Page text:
North Korea releases jailed Canadian pastor amid tensions with US

As President Trump leveled a warning at the hermit kingdom via tweet, a Canadian pastor was freed early, although there is no clear link between this incident and the escalation of tensions between the US and North Korea.

Korean Central News Agency (KCNA)/Reuters
South Korea-born Canadian pastor Hyeon Soo Lim stands during his trial at a North Korean court in Pyongyang, North Korea, on Dec. 16, 2015. Mr. Lim was released early from his life sentence on Wednesday following heated warnings between the US and North Korea.

North Korea freed a Canadian pastor serving a life sentence there on humanitarian grounds, the official KCNA news agency said on Wednesday, just hours after the United States warned it would counter any threat from the North with "fire and fury."

The release came a day after Canadian officials said a delegation led by the country's national security adviser had traveled to North Korea to discuss the case of Hyeon Soo Lim, sentenced to hard labor for life in Dec. 20.

North Korea had accused Pastor Lim, who served in one of the largest churches in Canada, of attempting to overthrow the regime.

"Rim Hyon-su, a Canadian civilian, was released on sick bail according to the decision of the Central Court of the DPRK on Aug. 9, 2017, from the humanitarian viewpoint," KCNA said, using the country's official name, the Democratic People's Republic of Korea.

There was no obvious direct connection between the release and the standoff with the United States, but North Korea has in the past attracted the attention of Washington, and visits by high-profile Americans, with the detention and release of US citizens.

Lim's family had become more concerned for his welfare since the death in June of American student Otto Warmbier, who had been held in North Korea for 17 months.

Mr. Warmbier, sentenced last year to 15 years' hard labor for trying to steal a propaganda item from his hotel during a tour, died in a Cincinnati hospital just days after being released in a coma. The circumstances of his death remain unclear.

North Korea is still holding three Americans. The US State Department said last week it would ban US nationals from traveling to the isolated country, beginning in September.

Lim's Toronto-area church has said he visited the North more than 100 times since 1997 and helped set up an orphanage and nursing home. Last year, Lim told CNN he spent eight hours a day digging holes at a labor camp where he had not seen any other prisoners.

On Wednesday, North Korea said it was considering plans for a missile strike on the US Pacific territory of Guam, just hours after President Trump told the North that any threat to the US would be met with "fire and fury."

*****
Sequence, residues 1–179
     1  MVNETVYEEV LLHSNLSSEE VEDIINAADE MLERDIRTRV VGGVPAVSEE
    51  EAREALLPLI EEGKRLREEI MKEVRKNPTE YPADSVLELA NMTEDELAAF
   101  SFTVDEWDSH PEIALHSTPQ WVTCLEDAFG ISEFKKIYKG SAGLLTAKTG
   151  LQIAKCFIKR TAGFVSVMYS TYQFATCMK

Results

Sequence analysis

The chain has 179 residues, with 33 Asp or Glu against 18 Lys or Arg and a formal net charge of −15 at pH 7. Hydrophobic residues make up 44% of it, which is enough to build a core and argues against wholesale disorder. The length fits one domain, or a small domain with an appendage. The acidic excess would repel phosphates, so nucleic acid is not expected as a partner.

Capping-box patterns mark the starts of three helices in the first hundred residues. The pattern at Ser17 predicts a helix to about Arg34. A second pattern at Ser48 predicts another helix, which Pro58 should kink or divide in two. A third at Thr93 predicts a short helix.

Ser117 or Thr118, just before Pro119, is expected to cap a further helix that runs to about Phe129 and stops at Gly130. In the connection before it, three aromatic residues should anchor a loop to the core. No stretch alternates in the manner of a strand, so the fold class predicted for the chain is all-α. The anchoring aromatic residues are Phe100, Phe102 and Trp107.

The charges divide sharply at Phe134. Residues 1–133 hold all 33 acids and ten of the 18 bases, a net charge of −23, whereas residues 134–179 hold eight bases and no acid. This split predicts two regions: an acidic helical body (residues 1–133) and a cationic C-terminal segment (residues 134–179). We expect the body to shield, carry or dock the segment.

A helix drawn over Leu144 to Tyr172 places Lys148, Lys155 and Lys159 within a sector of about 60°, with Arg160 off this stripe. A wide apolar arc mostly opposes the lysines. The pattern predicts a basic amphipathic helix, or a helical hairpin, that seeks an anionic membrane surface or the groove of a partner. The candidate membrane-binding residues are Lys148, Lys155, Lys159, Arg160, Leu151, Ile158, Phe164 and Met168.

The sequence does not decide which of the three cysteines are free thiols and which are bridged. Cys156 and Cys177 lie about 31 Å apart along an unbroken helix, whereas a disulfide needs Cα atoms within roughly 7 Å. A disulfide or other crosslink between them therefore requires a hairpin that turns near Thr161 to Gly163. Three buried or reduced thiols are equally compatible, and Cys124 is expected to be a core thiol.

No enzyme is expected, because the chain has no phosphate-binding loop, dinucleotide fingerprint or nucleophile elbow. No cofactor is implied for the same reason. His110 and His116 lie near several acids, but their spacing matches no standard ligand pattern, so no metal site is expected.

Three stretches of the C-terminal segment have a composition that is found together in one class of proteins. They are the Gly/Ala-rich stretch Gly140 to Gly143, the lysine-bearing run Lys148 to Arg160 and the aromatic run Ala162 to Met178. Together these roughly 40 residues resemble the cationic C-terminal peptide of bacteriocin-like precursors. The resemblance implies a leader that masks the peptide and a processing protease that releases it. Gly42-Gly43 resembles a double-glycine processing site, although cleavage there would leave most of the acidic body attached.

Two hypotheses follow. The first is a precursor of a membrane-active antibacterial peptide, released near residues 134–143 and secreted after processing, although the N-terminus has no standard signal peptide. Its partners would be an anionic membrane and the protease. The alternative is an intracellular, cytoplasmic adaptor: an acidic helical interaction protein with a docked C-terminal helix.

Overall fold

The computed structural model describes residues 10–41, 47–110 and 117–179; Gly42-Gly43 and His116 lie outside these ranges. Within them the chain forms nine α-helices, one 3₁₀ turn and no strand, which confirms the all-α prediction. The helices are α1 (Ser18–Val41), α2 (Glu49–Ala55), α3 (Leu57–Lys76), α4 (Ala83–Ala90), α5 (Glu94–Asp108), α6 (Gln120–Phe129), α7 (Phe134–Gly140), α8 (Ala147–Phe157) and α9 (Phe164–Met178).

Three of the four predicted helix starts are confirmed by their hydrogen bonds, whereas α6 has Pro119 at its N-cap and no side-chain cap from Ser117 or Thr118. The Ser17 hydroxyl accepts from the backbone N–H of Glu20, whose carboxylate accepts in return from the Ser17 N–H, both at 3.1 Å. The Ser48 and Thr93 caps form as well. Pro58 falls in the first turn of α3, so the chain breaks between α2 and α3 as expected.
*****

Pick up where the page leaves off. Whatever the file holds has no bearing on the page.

This story was reported by The Associated Press.

You've read  of  free articles. Subscribe to continue.

Dear Reader,

About a year ago, I happened upon this statement about the Monitor in the Harvard Business Review – under the charming heading of “do things that don’t interest you”:

“Many things that end up” being meaningful, writes social scientist Joseph Grenny, “have come from conference workshops, articles, or online videos that began as a chore and ended with an insight. My work in Kenya, for example, was heavily influenced by a Christian Science Monitor article I had forced myself to read 10 years earlier. Sometimes, we call things ‘boring’ simply because they lie outside the box we are currently in.”

If you were to come up with a punchline to a joke about the Monitor, that would probably be it. We’re seen as being global, fair, insightful, and perhaps a bit too earnest. We’re the bran muffin of journalism.

But you know what? We change lives. And I’m going to argue that we change lives precisely because we force open that too-small box that most human beings think they live in.

The Monitor is a peculiar little publication that’s hard for the world to figure out. We’re run by a church, but we’re not only for church members and we’re not about converting people. We’re known as being fair even as the world becomes as polarized as at any time since the newspaper’s founding in 1908.

We have a mission beyond circulation, we want to bridge divides. We’re about kicking down the door of thought everywhere and saying, “You are bigger and more capable than you realize. And we can prove it.”

If you’re looking for bran muffin journalism, you can subscribe to the Monitor for $15. You’ll get the Monitor Weekly magazine, the Monitor Daily email, and unlimited access to CSMonitor.com.

QR Code to North Korea releases jailed Canadian pastor amid tensions with US
Read this article in
https://www.csmonitor.com/World/Asia-Pacific/2017/0809/North-Korea-releases-jailed-Canadian-pastor-amid-tensions-with-US
QR Code to Subscription page
Start your subscription today
https://www.csmonitor.com/subscribe